If you had any fingernails left, you were probably biting them as the Golden State Warriors took the ball down three to the Washington Wizards with six seconds left. There was Stephen Curry, perhaps the best shooter this game has seen in many years, yo-yoing with the dribble with a clear purpose: tie the damn game with a dagger three. If you told me you yelled FOUL at your screen and woke up your significant other, I wouldn't be surprised.
But the Wizards had locked in on the dangerous Warriors attack all day. They weren't about to stop now. And so, you got this unbelievable effort from Trevor Ariza to seal a huge 88-85 win.
That was a gutty win, a throwback to the very best stretches of last year when the Wizards made life uncomfortable to anyone who underestimated them. The Warriors shot just 37.5 percent from the field and hit only 7-23 from three-point range. The much-hyped Splash Brothers shot 13-40. David Lee was 2-10. Players that often take possessions off defensively were making multiple efforts. Look at the work John Wall did here on Curry.
That gave the Wizards a five-point lead, one they held until the final three minutes.
Of course, this was only a game because the offense was just as cringe-worthy. Too many possessions ended with wild Wall jumpers, so the Wizards couldn't pull ahead. And after the door was left open for so long, the Warriors finally charged through, tying the game with a Lee layup after the Wizards couldn't corral two rebounds with 1:47 left.
But the Wizards responded. After a Beal miss -- one of the few he had in the second half -- Ariza got an offensive rebound and found Wall beyond the arc. Confident -- perhaps too confident given his shooting performance prior to that sequence -- Wall stepped into the three and knocked it down for the lead.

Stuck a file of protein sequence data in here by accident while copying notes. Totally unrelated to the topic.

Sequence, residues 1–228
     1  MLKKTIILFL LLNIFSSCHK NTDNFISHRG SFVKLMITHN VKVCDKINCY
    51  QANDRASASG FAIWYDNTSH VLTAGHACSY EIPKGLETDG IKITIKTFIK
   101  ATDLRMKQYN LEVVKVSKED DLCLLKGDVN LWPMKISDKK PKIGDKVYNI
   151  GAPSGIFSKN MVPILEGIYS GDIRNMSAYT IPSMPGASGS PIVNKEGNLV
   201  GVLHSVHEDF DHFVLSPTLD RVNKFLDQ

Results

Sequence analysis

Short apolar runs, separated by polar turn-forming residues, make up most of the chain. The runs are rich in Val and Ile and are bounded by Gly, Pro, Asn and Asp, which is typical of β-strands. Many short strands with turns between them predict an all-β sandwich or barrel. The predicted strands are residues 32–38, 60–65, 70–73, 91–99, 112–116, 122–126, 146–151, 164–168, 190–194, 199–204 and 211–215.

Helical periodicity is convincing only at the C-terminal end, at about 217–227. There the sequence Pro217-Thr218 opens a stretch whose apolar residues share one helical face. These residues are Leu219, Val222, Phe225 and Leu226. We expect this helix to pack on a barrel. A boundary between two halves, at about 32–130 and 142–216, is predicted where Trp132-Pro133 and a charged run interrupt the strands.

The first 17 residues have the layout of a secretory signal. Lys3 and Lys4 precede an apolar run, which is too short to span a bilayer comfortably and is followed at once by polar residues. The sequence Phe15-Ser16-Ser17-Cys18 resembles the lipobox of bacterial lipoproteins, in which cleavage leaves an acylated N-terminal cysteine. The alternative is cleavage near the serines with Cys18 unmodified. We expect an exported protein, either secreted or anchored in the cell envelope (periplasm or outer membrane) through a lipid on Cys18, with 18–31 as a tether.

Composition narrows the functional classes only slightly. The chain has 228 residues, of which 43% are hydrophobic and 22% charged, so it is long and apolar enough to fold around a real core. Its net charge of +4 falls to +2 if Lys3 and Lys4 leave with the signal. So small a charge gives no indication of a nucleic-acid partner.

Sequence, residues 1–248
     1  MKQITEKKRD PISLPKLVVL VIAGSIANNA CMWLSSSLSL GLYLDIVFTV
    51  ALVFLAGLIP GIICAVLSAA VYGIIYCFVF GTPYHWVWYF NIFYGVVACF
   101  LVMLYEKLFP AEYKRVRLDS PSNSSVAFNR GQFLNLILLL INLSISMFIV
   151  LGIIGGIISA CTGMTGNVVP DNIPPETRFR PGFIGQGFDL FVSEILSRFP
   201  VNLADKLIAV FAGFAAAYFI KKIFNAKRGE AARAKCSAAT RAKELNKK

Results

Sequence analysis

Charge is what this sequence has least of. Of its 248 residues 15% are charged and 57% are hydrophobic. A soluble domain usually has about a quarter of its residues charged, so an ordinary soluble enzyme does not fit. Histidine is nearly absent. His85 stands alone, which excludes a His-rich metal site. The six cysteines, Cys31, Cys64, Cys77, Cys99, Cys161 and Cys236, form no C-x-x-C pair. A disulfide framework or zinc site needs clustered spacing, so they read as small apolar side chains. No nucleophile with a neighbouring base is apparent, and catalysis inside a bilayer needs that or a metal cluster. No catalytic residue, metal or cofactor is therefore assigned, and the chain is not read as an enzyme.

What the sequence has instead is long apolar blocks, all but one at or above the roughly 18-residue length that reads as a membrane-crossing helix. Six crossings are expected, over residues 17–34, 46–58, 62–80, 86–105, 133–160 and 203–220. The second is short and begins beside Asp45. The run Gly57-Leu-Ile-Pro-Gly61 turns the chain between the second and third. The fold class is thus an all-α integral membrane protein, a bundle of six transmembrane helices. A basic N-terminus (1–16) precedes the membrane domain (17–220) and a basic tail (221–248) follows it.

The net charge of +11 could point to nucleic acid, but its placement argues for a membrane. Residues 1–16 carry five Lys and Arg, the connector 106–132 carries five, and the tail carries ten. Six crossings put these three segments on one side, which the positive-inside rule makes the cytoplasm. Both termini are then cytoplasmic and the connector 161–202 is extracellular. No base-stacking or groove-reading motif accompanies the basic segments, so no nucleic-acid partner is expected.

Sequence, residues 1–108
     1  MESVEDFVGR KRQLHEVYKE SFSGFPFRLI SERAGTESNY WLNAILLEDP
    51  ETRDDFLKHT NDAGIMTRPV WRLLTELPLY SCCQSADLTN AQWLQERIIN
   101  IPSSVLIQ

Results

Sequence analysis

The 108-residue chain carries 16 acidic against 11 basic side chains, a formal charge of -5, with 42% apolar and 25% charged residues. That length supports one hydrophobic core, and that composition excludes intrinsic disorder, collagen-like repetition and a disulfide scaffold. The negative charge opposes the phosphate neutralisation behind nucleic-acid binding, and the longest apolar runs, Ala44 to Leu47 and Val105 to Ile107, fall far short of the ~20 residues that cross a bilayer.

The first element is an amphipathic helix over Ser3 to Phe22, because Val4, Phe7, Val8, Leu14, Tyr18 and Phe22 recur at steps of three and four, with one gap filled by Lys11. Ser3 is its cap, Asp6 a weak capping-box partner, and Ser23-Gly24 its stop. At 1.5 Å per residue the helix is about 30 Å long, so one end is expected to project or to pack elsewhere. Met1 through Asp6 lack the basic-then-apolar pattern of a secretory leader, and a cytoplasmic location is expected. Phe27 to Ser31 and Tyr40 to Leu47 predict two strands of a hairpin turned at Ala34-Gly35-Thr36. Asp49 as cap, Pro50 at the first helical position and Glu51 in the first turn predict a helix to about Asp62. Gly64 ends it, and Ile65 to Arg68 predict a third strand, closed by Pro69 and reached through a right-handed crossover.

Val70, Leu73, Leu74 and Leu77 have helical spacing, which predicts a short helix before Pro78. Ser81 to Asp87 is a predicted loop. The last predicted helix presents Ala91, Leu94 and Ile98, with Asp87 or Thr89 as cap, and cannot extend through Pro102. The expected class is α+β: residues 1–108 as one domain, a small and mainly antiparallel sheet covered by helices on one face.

You knew the Wizards weren't safe yet, because this is the Wizards. First, Marcin Gortat missed a chippy that would have extended the lead to five. Then, Curry missed a decent look at a three, though Nene guarded him well. And the only reason the Warriors even had a chance to tie was because Wall weirdly waved off a Nene screen and roll and couldn't generate anything on the penultimate possession.
But in the end, Ariza stepped up, and the Wizards had themselves a huge road win.
It didn't look like that'd happen in the second quarter, but a nice run at the end of the first half calmed things down, and fortunes really changed in the third quarter. The Wizards raised their defense to 2012-13 levels, swarming off the ball and getting arms in passing lanes. Every shot was contested, every pass difficult. The Wizards eventually built a seven-point lead on the strength of this defense.
Unfortunately, the Warriors rallied. As all this was happening, Wall was starting to make some odd decisions. A stepback contested jumper predictably fell off. A weird decision to throw a lob pass in the post to Ariza when the angle wasn't there predictably ended in a turnover. Poor decisions like these wiped away the lead, though the Wizards were able to recover for a one-point advantage after three.
Again, the seesaw happened. Beal caught fire with three threes to begin the quarter, but a Warriors response led by old nemesis Jordan Crawford evened things again, setting up the final sequence, when defense ruled the day.
It'll be tough to duplicate that effort in L.A. tomorrow night, but given the upcoming schedule, getting this W is huge.
- Eric Maynor in the second quarter ... uh, why? The fourth clearly showed how much better Garrett Temple is.
- No kiddie crew in this one. They'll be needed tomorrow, since everyone else is tired.
- I was freaking out that Beal would either badly eclipse his minutes limit or be shut out of huge possessions when he would have been needed down the stretch. The latter kind of happened, but at least the Wizards got him in there when they needed him most.
- We've gotten this far without mentioning Nene, which is a testament to the Big Brazilian's ability to do whatever is necessary to win. He badly outplayed Lee tonight.
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